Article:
Sensational Lowry seals his place in Irish sporting folklore

Egis Paulikas

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Egis Paulikas

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egis@alphanewspapers.com

AMID scenes of almost heart rending emotion, incredible tension and drama and all mixed in with a Zen like calm, Shane Lowry set the pulse racing, temperatures soaring, hearts fluttering as he captured one of golf's most cherished prizes, the British Open at Royal Portrush on Sunday last.

Just ten years after he won the Irish Open as an amateur in 2009, Lowry sealed his place in Irish sporting folklore by becoming only the fifth player from the island to win one of golf's major prizes.

The British Open, played in Ireland for the first time since 1951, is golf's oldest, most iconic major, an event absolutely steeped in the longest traditions of the game and it was an absolutely sensational win by Lowry.

Four shots clear of the field going into Sunday's final round, the Clara man displayed almost unbelievable nerves of steel, a feeling of calm that was evident in his composure, the way he dealt with everything during that final round and the smile he wore, the interaction with his caddy, Bo Martin during the closing holes of Sunday's final round when it was clear that he could not be caught by the only man with a remote chance, England's Tommy Fleetwood.

As his wife Wendy, daughter Iris, parents, Brendan and Bridget, sister Sinead and brother Alan watched on from greenside, Lowry won by a whopping six shots and had the profound luxury of being able to savour every second of his triumphant procession up the 18th fairway.

With jubilant Irish fans, including many from Offaly, chanting his name and “ole, ole”, Lowry could afford to embrace his caddy and catch the eye of the people that mattered in the ground before two putting for a routine par from the edge of the green and the biggest win of his career.

It was an extraordinary triumph for the 32 year old. It came just three years after he lost a four shot overnight lead in the final round of the US Open, losing out to the surging Dustin Johnson in the most traumatic of circumstances.

It came less than a year after a disappointing 2018 during which he endured the trauma of losing his US PGA card but the trajectory of his career once again spiralled in an upward direction in January when he won the Abu Dhabi Championship during the European Tour's early season eastern swing.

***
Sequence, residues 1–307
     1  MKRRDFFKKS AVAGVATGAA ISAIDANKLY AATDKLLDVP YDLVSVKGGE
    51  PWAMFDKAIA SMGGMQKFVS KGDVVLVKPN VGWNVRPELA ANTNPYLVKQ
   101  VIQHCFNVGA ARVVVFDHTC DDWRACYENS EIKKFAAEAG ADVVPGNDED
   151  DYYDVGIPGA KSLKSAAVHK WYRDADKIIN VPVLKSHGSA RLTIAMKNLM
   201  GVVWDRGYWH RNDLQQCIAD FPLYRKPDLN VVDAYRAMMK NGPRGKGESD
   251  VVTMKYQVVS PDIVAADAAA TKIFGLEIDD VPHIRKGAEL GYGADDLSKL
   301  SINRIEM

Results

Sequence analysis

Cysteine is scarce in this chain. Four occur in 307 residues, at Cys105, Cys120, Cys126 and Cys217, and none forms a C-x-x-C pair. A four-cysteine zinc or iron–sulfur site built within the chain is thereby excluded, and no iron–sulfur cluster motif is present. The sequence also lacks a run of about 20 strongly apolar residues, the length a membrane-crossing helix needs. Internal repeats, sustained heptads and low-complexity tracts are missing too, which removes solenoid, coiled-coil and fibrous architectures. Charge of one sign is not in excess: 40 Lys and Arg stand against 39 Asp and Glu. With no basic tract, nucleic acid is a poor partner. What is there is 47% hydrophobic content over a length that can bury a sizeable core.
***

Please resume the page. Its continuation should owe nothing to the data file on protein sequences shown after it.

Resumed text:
The importance of that to what happened this weekend can not be underestimated. While he had previously won one of golf's biggest events, the World Golf Championship Bridgestone Invitational in 2015 – an event rated just behind the four majors (The British and US Opens and the US Masters and PGA) in importance, that Abu Dhabi win was arguably even bigger in terms of its importance to his career development. It was also a topsy turvy round in which he led by three at the start, trailed by four after 11 (to South Africa's Richard Stern) and won by one.

It propelled him back into the World's top fifty, sealing his place in the majors and big World Golf Championship events and effectively re-instating his playing rights on the US Tour and meaning that he could play what he wanted there rather than concentrating on the European Tour.

Throughout the season, it was clear that Lowry was in a very good place as he produced the most consistent golf of his career. He missed just six cuts between the US and European Tours and was playing with a great sense of confidence and composure.

In the other majors this season, he had finished 8th at the US PGA, tied 28th at the US Open and he missed the cut at the Masters.

His ability to challenge and get into the mix in golf's biggest events over the years suggested that he was capable of winning a major and it all came together quite spectacularly on the famed Antrim links course.

Throughout the tournament, he looked a likely winner and he produced some of the best golf of his career. He was brilliant throughout, driving very well, excellent with irons in his hand and when he did find trouble, which was never far away in Portrush with very heavy-tough rough and out of bounds possible on some holes, his short game once again proved to be his saviour. With wedges in his hand, Lowry was once again magnificent and his putting was exceptional.

His demeanour throughout was a pleasure to observe and even though the pressure must have been intense going into Sunday's final round, he kept it all together and clearly learnt his lessons from the past.

The weather conditions on Sunday suited him down to the ground. No one likes getting wet and being battered by wind but the regular rainfall and powerful sea breezes played into his hand as it meant that he didn't have to worry about anyone shooting out the lights and racing up into contention from the left field.